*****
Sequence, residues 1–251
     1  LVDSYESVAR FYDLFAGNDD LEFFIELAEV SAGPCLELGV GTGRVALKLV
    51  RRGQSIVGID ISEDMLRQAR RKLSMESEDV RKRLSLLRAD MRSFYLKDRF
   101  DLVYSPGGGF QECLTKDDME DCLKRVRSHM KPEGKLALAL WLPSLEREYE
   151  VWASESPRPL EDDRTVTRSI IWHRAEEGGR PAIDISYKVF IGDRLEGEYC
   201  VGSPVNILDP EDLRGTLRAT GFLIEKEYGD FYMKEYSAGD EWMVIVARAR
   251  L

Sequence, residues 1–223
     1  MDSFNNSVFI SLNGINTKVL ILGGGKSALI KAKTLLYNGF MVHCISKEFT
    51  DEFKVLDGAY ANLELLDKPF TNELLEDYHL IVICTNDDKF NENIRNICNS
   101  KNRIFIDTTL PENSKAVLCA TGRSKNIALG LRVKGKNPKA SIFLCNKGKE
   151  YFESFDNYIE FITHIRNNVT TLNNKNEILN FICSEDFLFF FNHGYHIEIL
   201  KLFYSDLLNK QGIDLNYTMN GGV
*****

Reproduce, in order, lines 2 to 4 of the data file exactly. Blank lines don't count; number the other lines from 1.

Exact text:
     1  LVDSYESVAR FYDLFAGNDD LEFFIELAEV SAGPCLELGV GTGRVALKLV
    51  RRGQSIVGID ISEDMLRQAR RKLSMESEDV RKRLSLLRAD MRSFYLKDRF
   101  DLVYSPGGGF QECLTKDDME DCLKRVRSHM KPEGKLALAL WLPSLEREYE